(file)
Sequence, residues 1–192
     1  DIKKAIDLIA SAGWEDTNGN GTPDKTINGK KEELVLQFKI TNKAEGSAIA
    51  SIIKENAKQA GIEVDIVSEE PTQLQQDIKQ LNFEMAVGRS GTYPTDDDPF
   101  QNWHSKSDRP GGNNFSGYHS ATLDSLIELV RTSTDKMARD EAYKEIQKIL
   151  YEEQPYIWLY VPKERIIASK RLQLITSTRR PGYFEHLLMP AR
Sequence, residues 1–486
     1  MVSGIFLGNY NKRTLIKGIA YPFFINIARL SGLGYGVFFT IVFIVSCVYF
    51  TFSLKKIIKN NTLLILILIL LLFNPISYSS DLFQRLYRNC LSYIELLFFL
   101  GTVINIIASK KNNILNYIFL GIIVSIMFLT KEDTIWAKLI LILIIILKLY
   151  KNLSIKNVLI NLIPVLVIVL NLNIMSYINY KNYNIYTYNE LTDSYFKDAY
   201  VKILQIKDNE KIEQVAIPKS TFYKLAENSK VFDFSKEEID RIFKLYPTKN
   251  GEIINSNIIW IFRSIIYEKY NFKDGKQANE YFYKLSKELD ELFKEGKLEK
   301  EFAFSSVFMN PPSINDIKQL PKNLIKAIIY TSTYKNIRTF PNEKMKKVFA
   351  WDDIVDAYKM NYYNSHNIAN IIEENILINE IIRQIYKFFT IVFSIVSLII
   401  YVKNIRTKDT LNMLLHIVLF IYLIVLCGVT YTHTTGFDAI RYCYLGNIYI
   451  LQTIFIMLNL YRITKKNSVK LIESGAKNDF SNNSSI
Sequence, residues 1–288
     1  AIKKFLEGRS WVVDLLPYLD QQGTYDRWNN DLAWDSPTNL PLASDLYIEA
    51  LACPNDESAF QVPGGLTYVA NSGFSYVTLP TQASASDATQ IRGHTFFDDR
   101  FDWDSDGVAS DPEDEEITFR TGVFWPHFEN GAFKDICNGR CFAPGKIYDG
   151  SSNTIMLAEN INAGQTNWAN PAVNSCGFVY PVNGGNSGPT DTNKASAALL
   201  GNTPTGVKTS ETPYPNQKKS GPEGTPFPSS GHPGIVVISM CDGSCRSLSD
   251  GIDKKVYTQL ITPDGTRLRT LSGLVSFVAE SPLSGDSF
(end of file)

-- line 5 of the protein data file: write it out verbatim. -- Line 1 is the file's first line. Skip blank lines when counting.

   151  YEEQPYIWLY VPKERIIASK RLQLITSTRR PGYFEHLLMP AR